#Publishing Keeps Getting Tougher

When I first started querying publishers and agents in 2001 about 5% of them accepted email or online submissions.

  • Nowadays about 5% of them only accept snail-mail submissions . 

When I sold my first book to a small publisher, you could find a couple dozen of them.

  • Now, there are a several hundred.

When I found a publisher for my next book, the thought of even considering self-publishing was the biggest no-no an author could do to their career.

  • These days, if you don’t have a self-published book or backlist novel, you’re in the minority.

When I first began networking with other authors and writers…you know, way back during the mySpace and LiveJournal days I was lucky if I could make a new writer friend once a week.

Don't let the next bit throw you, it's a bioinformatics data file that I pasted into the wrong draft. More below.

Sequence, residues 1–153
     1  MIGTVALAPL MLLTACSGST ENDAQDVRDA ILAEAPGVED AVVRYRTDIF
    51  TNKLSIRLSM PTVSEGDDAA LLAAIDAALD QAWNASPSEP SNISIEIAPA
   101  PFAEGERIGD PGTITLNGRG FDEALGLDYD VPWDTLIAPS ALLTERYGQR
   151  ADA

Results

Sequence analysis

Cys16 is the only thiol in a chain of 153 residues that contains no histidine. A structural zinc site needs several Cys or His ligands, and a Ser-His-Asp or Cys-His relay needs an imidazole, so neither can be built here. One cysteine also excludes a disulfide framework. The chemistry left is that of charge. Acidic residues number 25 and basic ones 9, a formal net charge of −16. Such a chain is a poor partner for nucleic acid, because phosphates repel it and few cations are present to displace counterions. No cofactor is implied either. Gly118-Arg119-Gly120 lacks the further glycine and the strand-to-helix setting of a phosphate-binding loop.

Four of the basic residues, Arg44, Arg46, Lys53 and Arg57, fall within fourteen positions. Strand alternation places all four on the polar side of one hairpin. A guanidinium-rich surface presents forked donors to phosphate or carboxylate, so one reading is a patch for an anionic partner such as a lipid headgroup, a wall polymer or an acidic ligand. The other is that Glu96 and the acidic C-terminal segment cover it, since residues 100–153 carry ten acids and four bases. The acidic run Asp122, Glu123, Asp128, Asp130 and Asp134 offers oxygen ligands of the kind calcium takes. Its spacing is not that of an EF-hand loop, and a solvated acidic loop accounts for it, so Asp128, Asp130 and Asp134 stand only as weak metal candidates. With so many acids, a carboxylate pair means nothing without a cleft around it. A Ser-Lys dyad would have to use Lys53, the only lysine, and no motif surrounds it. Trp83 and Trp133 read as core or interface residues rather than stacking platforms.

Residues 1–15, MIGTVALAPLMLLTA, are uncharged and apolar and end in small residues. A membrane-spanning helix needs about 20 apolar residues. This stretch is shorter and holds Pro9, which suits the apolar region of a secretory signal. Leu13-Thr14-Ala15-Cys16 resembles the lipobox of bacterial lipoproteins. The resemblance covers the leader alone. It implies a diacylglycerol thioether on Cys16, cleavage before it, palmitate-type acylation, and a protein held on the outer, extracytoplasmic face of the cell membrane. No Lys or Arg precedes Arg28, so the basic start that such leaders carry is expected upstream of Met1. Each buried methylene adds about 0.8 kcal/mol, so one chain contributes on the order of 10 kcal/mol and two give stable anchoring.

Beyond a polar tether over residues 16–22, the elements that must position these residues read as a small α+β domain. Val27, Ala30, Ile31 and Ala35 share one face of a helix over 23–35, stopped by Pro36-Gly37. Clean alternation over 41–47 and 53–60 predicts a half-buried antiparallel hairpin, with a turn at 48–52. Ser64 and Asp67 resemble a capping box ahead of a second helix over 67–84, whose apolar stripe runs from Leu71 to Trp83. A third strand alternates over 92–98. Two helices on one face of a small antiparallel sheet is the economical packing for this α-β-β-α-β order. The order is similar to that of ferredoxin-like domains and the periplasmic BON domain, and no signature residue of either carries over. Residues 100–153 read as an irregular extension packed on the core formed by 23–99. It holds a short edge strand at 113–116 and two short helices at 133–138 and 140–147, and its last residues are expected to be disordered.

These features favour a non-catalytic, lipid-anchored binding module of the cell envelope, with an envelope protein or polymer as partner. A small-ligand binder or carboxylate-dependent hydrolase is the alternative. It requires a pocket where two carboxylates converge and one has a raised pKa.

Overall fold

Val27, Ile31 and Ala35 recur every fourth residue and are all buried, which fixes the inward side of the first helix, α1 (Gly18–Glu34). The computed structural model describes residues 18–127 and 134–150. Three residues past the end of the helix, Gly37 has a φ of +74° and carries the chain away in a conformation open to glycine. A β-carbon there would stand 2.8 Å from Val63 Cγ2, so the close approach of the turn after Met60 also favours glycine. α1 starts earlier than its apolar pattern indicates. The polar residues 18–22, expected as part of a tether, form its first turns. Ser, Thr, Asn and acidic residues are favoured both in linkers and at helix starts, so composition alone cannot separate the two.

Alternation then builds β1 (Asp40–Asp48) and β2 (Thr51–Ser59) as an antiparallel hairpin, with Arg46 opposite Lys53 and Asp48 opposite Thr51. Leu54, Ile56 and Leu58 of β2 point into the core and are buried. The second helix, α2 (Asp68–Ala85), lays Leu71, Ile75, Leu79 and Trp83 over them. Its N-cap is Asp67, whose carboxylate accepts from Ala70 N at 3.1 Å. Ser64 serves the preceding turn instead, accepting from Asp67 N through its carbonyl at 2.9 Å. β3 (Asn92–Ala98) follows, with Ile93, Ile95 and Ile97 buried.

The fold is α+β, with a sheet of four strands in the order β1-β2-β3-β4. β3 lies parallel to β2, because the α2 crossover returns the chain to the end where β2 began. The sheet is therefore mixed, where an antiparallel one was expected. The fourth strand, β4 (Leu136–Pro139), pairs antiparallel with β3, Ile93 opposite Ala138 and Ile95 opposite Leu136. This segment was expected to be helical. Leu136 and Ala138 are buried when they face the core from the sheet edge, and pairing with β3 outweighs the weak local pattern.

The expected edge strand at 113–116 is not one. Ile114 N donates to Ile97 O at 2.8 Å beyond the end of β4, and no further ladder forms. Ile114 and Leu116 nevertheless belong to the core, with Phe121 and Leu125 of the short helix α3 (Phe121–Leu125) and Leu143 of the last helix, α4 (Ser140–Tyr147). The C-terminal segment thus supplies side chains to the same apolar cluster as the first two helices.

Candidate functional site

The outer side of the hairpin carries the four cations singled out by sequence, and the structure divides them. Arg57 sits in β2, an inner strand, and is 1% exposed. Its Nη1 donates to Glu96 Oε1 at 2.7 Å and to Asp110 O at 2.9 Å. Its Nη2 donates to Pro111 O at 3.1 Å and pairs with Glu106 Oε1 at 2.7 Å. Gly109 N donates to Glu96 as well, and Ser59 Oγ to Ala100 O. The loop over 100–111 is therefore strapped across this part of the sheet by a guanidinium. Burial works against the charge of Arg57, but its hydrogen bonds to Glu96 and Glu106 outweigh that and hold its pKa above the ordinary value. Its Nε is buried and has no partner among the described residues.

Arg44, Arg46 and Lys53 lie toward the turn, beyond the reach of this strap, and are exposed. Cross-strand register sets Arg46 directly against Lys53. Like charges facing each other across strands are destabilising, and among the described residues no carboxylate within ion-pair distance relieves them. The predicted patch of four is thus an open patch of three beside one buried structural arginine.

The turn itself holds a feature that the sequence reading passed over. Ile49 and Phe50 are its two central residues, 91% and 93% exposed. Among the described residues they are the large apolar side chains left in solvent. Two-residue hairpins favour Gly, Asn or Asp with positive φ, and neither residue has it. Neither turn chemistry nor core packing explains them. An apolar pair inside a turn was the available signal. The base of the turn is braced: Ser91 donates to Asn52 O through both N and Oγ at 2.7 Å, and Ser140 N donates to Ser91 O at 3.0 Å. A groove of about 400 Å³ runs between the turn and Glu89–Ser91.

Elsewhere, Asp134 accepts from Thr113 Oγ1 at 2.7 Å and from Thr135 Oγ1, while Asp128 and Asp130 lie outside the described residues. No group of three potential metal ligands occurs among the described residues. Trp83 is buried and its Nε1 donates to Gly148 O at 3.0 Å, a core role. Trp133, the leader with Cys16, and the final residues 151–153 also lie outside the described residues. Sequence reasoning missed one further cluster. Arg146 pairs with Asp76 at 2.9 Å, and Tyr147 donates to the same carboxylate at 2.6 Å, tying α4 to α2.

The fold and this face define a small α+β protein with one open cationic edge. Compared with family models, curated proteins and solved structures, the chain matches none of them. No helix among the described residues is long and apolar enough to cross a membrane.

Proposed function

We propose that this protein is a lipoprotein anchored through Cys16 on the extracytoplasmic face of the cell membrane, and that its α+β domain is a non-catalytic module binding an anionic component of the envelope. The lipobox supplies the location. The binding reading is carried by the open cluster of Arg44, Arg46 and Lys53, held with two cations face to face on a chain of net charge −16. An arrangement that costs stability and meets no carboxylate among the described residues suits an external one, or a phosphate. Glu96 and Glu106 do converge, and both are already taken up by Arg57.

• Today, every other person is an “author”. 

Despite it all seeming easier, because the internet makes most things possible, those of us who have been in the trenches from the earlier days of online publishing and didn’t break through to the mass market type audiences, are still struggling. Now we’re being hidden on places like Amazon and Facebook because 1. we can’t afford to pay for constant promotion and/or 2. are lost in the sea of free and .99c ebooks, a big chunk of which are self-published and…sorry to say this, crap.

I’m not the type to be mean on purpose and crush someone’s dream, but when you’re writing Sasquatch or DinoPorn romances, those of us who take writing seriously never get seen because 18 of your crap books are hogging up the category ranks and getting all the fancy algorithm recommendations. 
Still, I’m invested enough in myself and my writing to keep plugging away no matter how hard it gets. One of my books will catch one. Someone, somewhere will read Lucky or Tiva or whatever comes next and give me a big huge shout out and help me sell some books. Then, maybe then, I can get rid of the day job and focus on writing full time.
Ah, to dream. 
What are we if we don’t?